Reappraising the "Wild" 90s in Russia: Looking Back After 30 Years
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In many ways, the reaction to the collapse of the Soviet Union and the turbulent decade that followed still influences the U.S.-Russia relationship. In light of the forthcoming 30th anniversary of the collapse of the Soviet Union, the Kennan Institute hosted a two-day event examining the differing American and Russian experiences of the 1990s and the immediate post-Soviet experience.
Conference participants engaged in a balanced conversation that addresses the highs and lows of this crucial decade and how it continues to influence present-day developments. By focusing on the individual experiences of our speakers with backgrounds in journalism, academia, policy, law, and business, the discussion offered a personal touch for both generations that lived and worked in Russia in the period and to a younger generation who did not experience the decade.
The conference was opened by Former Kennan Institute Director Blair Ruble on Wednesday, March 31, who will discuss scholarly exchanges and the new interaction between Russian and American scholars in the 1990s. The first day’s panel included American speakers who were on the ground in the 1990s and remain engaged with Russia. The U.S. panel included Jill Dougherty, Amb. Ken Yalowitz, Randy Bregman, and Andrew Kuchins, who addressed their experiences in journalism, the U.S. government, the business community, and the promotion of civil society.
The second panel on April 1 will address the Russian experience of the 1990s and how Russians now view the Western guidance that was provided. Was it realistic? Did the westerners understand the complexity of dismantling communism and establishing a new political and economic system? We were joined by prominent Russian politicians, journalists, and commentators, including Olga Malinova, Sergey Parkhomenko, Mikhail Fishman, Andrei Kozyrev, and Ekaterina Mishina.
Send a question to our panelists by email to firstname.lastname@example.org, tweet @KennanInstitute, or post on our Facebook page.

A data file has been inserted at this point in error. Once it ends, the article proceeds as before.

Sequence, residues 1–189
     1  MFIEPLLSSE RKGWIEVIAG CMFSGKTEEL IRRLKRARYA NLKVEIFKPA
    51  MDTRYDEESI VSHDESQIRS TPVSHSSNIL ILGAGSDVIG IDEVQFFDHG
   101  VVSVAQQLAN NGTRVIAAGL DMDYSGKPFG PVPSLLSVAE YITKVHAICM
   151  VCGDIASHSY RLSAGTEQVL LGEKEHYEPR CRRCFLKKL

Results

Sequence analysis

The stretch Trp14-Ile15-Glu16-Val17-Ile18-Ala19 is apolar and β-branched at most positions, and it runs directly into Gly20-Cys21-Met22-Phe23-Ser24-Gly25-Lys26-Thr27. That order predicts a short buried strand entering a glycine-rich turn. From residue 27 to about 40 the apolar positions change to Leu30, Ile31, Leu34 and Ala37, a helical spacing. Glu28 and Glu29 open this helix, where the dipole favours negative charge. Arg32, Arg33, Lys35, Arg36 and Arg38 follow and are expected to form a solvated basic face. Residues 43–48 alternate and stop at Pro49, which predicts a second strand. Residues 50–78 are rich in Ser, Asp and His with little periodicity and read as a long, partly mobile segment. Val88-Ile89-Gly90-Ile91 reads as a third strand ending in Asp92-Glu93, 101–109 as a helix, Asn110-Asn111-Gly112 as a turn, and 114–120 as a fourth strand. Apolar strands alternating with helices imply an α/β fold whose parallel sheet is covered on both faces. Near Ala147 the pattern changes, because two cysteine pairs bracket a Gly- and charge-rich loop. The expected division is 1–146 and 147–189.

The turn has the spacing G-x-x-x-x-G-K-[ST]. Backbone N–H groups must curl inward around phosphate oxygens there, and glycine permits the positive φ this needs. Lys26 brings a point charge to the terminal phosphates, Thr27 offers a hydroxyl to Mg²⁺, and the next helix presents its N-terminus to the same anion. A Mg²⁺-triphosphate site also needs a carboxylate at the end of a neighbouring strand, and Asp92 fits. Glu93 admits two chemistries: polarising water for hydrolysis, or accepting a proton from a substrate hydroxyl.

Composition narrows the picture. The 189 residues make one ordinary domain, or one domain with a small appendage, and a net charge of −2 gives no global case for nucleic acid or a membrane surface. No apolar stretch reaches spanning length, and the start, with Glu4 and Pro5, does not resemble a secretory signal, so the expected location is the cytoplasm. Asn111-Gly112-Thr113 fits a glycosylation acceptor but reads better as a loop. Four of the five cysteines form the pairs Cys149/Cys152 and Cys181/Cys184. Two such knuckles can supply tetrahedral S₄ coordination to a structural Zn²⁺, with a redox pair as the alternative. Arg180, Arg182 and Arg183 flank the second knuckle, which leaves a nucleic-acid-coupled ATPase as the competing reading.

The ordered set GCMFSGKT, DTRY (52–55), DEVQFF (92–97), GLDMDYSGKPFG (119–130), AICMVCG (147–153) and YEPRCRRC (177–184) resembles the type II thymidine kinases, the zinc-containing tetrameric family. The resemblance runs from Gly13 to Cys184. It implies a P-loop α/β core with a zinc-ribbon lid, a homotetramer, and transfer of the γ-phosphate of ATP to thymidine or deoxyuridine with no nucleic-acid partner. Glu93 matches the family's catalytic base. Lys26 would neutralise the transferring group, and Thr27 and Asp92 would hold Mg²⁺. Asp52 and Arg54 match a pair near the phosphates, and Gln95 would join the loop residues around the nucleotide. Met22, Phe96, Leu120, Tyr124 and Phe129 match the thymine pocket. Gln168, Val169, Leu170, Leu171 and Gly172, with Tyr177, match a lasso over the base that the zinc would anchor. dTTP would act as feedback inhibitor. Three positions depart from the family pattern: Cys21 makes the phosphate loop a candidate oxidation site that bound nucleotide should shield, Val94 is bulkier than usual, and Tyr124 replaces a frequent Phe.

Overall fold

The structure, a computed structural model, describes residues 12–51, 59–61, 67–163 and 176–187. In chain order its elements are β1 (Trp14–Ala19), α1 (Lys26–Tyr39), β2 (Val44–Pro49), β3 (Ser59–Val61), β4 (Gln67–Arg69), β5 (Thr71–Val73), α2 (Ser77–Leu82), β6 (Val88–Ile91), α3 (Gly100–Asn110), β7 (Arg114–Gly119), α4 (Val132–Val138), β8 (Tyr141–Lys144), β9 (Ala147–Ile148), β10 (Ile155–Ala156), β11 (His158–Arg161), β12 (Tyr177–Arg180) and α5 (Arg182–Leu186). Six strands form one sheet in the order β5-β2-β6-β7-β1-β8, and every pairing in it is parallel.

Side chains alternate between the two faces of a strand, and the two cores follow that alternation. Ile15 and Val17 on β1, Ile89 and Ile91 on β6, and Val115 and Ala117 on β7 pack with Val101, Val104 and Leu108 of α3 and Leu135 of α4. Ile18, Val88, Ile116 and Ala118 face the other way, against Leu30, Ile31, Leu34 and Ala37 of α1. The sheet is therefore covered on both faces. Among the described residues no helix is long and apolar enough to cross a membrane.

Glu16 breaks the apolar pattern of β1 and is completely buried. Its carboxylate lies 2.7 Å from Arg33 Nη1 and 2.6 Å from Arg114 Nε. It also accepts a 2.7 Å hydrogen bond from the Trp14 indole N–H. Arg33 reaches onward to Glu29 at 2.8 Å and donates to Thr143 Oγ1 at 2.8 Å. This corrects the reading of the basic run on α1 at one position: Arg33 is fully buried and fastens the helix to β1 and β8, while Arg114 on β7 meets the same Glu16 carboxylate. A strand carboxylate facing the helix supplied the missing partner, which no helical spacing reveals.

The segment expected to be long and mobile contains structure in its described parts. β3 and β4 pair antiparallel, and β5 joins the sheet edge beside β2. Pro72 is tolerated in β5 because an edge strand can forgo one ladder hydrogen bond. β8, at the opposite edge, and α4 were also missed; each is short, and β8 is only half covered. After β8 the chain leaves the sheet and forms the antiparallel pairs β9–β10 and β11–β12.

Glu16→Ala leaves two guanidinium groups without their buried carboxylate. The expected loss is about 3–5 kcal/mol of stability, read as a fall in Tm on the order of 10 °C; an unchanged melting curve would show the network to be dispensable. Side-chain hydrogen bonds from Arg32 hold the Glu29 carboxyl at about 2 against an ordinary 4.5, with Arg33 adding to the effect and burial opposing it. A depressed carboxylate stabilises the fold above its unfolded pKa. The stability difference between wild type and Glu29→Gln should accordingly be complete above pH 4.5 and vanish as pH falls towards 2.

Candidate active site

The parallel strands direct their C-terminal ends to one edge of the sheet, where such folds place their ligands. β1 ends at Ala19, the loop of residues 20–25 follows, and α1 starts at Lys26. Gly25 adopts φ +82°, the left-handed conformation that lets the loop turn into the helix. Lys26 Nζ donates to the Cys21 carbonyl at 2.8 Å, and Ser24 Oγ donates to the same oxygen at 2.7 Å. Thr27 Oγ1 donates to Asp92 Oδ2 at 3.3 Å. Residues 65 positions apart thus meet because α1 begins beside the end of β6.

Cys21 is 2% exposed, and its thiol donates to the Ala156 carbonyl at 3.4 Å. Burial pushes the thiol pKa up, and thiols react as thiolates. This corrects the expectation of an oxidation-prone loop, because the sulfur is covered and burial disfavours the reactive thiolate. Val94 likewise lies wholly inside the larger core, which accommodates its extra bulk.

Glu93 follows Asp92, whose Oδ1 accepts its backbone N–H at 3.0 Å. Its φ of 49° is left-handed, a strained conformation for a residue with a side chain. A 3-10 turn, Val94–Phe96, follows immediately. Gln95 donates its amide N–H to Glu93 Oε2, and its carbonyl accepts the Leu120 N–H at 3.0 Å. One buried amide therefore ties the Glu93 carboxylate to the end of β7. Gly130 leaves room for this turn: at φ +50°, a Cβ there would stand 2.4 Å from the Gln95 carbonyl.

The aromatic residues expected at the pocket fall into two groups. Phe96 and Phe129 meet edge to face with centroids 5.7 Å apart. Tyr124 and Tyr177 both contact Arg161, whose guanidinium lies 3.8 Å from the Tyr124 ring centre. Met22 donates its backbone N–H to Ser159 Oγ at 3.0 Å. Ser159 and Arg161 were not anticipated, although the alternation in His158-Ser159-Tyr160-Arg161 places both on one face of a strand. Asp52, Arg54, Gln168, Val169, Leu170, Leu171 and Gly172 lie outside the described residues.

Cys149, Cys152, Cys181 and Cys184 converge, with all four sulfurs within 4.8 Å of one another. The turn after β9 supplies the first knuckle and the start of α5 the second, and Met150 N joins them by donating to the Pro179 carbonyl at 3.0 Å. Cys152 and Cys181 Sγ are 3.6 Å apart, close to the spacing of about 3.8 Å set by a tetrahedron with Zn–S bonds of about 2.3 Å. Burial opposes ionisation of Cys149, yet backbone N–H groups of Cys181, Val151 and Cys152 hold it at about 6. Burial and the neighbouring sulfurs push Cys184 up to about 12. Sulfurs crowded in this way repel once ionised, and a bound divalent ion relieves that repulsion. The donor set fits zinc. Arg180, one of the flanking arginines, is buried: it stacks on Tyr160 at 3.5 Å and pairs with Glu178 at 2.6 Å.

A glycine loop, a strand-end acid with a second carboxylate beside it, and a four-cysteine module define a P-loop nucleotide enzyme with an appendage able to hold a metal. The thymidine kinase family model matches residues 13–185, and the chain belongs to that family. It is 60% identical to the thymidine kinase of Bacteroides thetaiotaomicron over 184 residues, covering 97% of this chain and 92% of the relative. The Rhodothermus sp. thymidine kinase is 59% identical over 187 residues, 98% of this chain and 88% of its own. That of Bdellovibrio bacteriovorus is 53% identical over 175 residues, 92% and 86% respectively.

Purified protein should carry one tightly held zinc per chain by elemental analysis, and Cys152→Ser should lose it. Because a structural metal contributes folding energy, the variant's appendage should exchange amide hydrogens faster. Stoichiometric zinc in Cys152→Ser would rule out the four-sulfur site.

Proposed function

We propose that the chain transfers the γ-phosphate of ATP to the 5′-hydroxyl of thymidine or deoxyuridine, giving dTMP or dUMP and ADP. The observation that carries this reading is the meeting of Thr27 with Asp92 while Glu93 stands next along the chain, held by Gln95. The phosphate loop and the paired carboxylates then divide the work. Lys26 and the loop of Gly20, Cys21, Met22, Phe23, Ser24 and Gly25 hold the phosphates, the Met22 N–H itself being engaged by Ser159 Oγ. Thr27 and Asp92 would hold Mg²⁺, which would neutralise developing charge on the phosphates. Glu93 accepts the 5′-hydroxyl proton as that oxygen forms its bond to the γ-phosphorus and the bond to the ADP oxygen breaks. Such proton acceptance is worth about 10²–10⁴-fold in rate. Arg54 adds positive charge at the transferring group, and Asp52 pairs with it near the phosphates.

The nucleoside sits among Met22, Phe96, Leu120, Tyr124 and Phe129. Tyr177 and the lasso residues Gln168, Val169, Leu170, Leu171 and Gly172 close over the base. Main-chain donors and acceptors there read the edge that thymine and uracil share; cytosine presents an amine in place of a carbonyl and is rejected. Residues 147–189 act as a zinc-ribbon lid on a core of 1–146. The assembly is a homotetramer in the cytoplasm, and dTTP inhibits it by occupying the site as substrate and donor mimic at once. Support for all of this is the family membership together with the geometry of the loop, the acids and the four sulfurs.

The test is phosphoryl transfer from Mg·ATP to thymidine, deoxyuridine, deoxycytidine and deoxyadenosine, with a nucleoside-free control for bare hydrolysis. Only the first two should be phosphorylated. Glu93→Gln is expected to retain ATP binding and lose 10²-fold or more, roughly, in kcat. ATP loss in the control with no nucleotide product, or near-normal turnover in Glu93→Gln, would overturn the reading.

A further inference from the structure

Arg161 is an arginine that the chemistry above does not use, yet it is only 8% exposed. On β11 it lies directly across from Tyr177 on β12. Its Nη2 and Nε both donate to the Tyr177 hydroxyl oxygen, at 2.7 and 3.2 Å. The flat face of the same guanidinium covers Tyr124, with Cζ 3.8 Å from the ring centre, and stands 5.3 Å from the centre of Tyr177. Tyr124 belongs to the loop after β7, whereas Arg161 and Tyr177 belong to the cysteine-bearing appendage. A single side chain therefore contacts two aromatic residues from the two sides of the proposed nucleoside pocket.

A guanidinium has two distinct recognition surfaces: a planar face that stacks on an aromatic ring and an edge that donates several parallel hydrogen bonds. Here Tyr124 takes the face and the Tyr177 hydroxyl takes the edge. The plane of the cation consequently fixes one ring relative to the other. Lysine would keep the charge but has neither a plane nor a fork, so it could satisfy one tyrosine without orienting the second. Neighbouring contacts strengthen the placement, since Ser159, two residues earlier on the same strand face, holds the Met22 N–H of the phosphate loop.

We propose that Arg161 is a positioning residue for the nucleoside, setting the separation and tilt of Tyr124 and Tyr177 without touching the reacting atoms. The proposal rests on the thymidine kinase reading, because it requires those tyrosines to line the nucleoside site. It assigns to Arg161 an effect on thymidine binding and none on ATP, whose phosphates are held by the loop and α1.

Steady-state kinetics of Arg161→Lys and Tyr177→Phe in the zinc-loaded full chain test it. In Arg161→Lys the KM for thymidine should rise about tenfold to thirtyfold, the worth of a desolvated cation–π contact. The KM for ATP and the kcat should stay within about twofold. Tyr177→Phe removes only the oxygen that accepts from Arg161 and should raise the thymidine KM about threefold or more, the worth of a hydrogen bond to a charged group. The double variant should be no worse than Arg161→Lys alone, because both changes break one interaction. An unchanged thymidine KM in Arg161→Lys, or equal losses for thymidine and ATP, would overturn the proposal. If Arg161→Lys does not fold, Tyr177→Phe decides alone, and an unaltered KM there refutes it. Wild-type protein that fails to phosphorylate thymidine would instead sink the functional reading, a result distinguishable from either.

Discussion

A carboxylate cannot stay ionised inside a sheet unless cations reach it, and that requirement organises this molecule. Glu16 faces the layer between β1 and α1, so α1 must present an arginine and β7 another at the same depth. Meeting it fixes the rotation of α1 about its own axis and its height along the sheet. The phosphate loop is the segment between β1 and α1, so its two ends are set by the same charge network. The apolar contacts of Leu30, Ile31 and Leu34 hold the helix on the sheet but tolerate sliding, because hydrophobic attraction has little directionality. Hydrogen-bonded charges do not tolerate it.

"Soviet studies had its own additional challenges in addition to being confronted by this general retreat from regional specific knowledge. Soviet studies attracted the contempt of other area studies specialists who viewed the field increasingly as little more than an extension of the U.S. intelligence and security communities and what we were trying to do at SSRC… was to really give an academic focus on what was happening in the Soviet Union, so I looked around and I saw what other area studies programs and what other area studies enterprises were about and the U.S. had very robust area studies on Latin America and Africa, Asia, Europe, but there was one major difference: U.S. Latin American studies, for example, was very robust and had numerous university centers and peer-reviewed journals and a major professional association, but the center of all regional studies on Latin America fundamentally rested in Latin America, this was true with all the regions… In this context, Soviet studies in the 1980s had one arm tied behind its back and this created difficulties for understanding what was happening."
"As field opportunities opened up, American scholars, especially graduate students in both fields, began examining Russia to expand the academic discussions in their own field that had been too limited by the U.S. experience. Western scholars examining Russia and a new cohort of Russian social scientists better trained in Western theory and methods began to study Russian society in ways that challenged our own social science orthodoxy… These exciting areas of research have largely been choked off by the ever-shrinking opportunity of for field research in Russia, although Russian scholars continue to make important contributions to our understanding of fields like health and migration."